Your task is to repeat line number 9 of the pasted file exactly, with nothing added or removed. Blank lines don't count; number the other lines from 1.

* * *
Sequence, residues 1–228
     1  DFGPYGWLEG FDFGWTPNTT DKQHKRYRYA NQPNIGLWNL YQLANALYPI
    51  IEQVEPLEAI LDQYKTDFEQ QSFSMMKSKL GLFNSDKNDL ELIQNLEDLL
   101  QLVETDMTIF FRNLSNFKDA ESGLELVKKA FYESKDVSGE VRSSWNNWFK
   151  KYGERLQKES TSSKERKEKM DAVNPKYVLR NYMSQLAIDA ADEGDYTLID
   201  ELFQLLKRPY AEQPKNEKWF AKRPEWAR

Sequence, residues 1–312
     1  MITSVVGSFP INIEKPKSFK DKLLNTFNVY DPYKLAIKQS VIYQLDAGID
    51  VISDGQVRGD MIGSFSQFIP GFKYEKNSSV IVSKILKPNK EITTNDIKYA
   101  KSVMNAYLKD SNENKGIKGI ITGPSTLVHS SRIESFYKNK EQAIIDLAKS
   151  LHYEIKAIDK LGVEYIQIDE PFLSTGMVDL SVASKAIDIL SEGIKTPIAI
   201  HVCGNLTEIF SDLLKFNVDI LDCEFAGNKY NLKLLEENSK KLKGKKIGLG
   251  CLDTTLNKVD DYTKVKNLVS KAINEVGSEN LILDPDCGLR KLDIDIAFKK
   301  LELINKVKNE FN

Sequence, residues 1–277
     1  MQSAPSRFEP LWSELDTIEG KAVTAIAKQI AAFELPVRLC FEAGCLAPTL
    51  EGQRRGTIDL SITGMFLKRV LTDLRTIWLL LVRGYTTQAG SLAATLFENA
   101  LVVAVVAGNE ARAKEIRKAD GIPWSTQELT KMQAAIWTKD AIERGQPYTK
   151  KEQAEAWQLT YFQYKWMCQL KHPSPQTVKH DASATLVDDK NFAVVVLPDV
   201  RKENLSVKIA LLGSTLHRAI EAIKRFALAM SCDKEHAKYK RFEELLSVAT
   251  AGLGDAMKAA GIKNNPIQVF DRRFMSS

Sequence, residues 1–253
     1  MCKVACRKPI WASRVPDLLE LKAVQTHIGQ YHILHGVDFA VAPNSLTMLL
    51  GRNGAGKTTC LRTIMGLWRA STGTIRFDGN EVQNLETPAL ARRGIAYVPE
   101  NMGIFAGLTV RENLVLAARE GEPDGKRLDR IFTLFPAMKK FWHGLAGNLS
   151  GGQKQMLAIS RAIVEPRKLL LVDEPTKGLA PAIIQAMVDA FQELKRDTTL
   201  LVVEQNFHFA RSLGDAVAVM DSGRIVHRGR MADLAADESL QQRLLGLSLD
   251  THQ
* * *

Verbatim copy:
    51  VISDGQVRGD MIGSFSQFIP GFKYEKNSSV IVSKILKPNK EITTNDIKYA